Mr. Alfred Tuah Yeboah is praying the Supreme Court for a declaration that upon a true and proper interpretation of Article 72 of the 1992 Constitution, the president’s power of prerogative of mercy “is limited to convictions ‘for criminal offences’ and does not include convictions for contempt arising from the inherent jurisdiction of the court…”.
The highest court of the land in July, this year, found three pro-government radio commentators guilty of contempt of court on their own plea.
Salifu Maase, a radio host of pro-NDC Montie FM, Alistair Nelson and Godwin Ako Gunn were sentenced to four months’ imprisonment for scandalising the court.
They were also fined 10,000 cedis each.
After serving one month of the prison sentence, President John Mahama remitted the remainder of their sentence, exercising his powers under Article 72 of the constitution.
The Article states, “The President may, acting in consultation with the Council of State grant to a person convicted of an offence a pardon either free or subject to lawful conditions; or grant to a person a respite, either indefinite or for a specified period, from the execution of punishment imposed on him for an offence”.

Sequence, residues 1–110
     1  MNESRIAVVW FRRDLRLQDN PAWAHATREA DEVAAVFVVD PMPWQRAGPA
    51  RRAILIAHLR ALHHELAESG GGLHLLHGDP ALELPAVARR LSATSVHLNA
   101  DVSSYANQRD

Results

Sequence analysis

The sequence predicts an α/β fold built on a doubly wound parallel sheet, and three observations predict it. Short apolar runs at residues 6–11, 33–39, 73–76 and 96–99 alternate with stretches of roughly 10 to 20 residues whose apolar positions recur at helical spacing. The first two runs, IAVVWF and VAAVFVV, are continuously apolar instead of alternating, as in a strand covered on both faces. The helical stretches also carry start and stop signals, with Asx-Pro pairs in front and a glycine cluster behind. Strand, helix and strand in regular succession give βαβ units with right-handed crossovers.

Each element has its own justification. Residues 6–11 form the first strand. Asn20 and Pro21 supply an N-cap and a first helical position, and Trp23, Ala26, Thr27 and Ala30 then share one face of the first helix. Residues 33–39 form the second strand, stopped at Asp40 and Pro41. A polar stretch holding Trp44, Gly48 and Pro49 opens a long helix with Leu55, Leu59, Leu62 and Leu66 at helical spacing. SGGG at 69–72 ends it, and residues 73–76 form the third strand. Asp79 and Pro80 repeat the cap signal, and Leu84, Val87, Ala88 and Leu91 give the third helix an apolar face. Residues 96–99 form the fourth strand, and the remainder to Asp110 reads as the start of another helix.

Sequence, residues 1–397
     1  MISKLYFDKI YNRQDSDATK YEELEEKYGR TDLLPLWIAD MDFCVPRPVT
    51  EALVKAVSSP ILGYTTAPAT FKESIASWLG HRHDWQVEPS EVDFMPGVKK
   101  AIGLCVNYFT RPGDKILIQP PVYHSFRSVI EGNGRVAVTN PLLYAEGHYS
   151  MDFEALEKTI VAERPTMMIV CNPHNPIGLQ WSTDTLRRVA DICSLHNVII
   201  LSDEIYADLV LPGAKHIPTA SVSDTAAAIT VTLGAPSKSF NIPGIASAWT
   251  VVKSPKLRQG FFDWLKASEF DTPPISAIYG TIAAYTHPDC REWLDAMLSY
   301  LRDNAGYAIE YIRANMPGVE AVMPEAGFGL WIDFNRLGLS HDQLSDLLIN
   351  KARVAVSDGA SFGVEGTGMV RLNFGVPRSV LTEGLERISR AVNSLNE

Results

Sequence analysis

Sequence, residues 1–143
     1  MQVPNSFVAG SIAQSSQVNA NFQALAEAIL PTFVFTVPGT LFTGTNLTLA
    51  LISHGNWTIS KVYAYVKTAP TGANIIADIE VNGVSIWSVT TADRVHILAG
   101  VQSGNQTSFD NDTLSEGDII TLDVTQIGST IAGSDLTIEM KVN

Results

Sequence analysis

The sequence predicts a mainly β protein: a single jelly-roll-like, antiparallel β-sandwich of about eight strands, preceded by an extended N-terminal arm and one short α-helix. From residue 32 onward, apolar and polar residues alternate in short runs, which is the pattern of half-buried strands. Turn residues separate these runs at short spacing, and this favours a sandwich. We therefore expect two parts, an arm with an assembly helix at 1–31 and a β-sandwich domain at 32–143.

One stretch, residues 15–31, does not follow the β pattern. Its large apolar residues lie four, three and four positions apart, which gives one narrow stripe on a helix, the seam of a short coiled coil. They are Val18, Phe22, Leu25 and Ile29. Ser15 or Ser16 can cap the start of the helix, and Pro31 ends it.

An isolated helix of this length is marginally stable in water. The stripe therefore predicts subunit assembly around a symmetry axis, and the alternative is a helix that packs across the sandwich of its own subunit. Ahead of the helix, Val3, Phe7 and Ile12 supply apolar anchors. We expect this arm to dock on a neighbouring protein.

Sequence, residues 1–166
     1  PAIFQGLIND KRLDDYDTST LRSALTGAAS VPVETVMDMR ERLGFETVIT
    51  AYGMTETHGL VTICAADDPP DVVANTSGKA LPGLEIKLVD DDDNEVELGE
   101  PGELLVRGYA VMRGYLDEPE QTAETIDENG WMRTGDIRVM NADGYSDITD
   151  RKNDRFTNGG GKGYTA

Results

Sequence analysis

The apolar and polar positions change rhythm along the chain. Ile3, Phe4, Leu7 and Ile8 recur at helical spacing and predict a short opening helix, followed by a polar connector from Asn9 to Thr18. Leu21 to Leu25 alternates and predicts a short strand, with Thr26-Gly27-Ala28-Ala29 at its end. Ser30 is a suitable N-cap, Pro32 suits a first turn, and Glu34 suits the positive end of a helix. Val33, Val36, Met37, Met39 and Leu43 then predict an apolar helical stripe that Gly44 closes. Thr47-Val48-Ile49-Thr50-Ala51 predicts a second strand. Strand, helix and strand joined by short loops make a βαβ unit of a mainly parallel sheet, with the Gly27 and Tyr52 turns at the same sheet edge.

Mr. Tuah Yeboah however argued that if at all the president could exercise his power of prerogative of mercy, it was limited to convictions arising out of contempt proceedings initiated by the Attorney-General.
He therefore wants a “Declaration that the grant of remission of the sentence to Godwin Ako Gunn, Alistair Nelson and Salifu Maase alias Mugabe who were sentenced to four (4) months’ imprisonment by the court for contempt is contrary to Article 72 and 296(c) of the 1992 Constitution and is, therefore, void and of no legal effect”.
Last, he wants an order reversing the remission of the sentences which was granted the three.